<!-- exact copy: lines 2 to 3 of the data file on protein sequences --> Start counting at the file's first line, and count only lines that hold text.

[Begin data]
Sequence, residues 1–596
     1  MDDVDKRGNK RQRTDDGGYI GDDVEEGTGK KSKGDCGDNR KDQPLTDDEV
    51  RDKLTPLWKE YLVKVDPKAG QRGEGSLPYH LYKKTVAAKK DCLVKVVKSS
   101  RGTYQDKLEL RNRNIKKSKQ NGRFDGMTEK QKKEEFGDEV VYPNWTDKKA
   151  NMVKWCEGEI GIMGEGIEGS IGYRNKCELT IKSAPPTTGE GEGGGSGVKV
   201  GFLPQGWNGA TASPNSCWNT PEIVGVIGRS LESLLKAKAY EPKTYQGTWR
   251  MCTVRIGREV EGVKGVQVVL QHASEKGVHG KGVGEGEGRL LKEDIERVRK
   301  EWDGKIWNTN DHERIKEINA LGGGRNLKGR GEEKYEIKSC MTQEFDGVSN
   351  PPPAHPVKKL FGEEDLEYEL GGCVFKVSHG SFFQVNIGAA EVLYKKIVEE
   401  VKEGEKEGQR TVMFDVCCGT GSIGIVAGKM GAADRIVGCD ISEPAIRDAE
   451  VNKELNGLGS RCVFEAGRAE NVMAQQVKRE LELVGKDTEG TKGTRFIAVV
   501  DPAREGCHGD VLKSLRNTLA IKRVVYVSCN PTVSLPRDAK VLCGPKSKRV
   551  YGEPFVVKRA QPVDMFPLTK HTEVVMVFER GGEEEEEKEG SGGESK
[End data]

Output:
     1  MDDVDKRGNK RQRTDDGGYI GDDVEEGTGK KSKGDCGDNR KDQPLTDDEV
    51  RDKLTPLWKE YLVKVDPKAG QRGEGSLPYH LYKKTVAAKK DCLVKVVKSS